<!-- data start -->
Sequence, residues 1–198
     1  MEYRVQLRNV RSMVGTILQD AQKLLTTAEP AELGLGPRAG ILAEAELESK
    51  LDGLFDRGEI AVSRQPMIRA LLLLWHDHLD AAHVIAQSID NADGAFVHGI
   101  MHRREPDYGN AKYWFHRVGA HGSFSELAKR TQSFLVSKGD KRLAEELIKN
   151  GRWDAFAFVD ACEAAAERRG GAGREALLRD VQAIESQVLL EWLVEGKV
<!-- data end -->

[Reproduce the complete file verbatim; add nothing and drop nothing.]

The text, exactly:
Sequence, residues 1–198
     1  MEYRVQLRNV RSMVGTILQD AQKLLTTAEP AELGLGPRAG ILAEAELESK
    51  LDGLFDRGEI AVSRQPMIRA LLLLWHDHLD AAHVIAQSID NADGAFVHGI
   101  MHRREPDYGN AKYWFHRVGA HGSFSELAKR TQSFLVSKGD KRLAEELIKN
   151  GRWDAFAFVD ACEAAAERRG GAGREALLRD VQAIESQVLL EWLVEGKV